[Skip to Navigation]
March 1929


Author Affiliations

Professor of Neurology, Cornell University Medical College NEW YORK

Arch Ophthalmol. 1929;1(3):346-350. doi:10.1001/archopht.1929.00810010362006

Another consideration of the ocular manifestations in epidemic encephalitis is now in order as new cases of this disease have been appearing lately ; indubitable material has not been seen for about two years. Intermissions of epidemic stress have occurred twice since the original appearance of this condition in 1917. The late free period was, therefore, comprehensible and did not give any real sense of security to those observers who had been aware of the fluctuations in incidence of this disease both here and elsewhere.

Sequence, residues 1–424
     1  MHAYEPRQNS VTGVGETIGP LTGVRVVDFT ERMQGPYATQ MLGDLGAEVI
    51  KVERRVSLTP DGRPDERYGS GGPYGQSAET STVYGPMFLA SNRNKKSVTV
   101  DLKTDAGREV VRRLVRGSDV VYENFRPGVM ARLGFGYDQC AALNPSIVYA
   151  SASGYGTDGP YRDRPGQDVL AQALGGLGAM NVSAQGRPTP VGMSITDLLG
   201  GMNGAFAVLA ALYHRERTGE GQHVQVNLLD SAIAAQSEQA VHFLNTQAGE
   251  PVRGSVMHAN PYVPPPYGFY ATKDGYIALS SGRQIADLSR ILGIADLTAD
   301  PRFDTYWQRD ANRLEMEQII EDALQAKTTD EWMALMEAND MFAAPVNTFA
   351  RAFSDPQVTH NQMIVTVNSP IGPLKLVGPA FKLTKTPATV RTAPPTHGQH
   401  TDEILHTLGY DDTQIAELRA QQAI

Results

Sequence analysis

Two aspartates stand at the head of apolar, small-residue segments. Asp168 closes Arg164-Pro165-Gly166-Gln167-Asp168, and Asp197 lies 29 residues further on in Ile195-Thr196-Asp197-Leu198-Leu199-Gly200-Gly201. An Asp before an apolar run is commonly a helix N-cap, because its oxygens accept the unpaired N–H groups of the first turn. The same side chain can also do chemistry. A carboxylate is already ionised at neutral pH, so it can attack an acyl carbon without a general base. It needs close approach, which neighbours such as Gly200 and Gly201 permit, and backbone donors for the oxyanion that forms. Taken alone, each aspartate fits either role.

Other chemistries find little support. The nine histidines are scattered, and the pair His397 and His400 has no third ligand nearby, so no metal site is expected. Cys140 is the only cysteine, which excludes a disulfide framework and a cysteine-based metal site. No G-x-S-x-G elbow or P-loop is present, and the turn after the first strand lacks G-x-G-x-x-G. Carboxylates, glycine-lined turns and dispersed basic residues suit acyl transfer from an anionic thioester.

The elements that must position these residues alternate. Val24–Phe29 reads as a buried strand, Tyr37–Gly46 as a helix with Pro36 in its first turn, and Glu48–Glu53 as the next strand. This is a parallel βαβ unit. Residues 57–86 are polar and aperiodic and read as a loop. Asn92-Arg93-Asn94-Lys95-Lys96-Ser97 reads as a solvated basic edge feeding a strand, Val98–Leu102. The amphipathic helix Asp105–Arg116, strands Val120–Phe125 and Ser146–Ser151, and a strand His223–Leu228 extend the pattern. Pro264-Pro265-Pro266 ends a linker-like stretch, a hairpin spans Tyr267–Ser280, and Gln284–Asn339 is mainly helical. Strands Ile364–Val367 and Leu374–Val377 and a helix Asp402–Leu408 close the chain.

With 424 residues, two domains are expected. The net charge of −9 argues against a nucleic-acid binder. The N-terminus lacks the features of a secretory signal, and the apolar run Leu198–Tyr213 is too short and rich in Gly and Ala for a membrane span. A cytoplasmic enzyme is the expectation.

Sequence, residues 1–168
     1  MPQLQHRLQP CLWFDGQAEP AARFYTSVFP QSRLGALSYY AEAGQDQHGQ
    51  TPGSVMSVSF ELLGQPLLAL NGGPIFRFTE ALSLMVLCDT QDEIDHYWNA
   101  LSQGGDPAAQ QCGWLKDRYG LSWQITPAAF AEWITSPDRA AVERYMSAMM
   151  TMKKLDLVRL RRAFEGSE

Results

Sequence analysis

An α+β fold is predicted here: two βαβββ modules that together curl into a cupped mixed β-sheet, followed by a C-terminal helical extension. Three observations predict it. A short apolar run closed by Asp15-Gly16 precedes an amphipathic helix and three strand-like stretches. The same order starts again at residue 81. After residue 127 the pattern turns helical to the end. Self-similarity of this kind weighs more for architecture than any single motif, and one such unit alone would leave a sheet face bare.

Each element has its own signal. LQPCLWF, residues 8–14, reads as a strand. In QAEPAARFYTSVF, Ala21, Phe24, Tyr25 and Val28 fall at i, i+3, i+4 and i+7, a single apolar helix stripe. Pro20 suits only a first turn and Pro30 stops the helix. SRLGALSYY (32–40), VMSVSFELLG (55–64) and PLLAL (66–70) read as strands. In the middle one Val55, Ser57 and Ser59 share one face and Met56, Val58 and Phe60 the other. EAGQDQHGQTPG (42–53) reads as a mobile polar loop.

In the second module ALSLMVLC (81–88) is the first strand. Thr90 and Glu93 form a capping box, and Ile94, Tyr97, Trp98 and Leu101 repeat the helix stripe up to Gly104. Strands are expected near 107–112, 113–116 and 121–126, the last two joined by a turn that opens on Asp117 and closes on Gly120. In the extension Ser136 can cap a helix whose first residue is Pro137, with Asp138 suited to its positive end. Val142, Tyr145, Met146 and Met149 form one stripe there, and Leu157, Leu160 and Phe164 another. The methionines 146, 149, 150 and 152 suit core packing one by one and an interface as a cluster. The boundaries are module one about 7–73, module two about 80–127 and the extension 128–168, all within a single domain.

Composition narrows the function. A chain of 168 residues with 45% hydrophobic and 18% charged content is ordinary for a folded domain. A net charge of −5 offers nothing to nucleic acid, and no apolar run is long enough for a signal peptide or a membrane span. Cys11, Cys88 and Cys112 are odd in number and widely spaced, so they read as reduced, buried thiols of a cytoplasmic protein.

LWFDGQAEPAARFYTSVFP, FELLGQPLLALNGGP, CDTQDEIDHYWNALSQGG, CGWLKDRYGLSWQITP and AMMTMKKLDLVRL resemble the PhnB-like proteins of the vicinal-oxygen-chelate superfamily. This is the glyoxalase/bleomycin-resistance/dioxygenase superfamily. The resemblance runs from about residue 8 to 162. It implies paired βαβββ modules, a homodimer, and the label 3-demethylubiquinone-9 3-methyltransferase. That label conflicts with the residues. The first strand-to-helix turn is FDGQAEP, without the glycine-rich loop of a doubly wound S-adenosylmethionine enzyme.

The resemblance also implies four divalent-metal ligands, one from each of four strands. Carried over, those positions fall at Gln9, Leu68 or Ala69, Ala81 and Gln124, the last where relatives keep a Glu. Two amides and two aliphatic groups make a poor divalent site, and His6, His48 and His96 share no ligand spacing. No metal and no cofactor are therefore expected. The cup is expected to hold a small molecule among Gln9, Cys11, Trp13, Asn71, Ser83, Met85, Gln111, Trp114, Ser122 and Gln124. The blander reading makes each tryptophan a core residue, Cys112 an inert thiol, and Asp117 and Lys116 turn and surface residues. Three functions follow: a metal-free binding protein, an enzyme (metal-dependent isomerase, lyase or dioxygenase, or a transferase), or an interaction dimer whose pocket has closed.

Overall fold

It has been customary to speak of encephalitis as though it were a totally new disease. In a sense this is justified by its absence for two generations ; but in 1718, "Schlafkrankheit" was described by Camerarius, who noted the difficulty in raising the eyelids, and by Gayet, in 1875, who wrote of "ophthalmoplegia of acute onset and accompanied by apathy and somnolence" ; in these cases

Add or change institution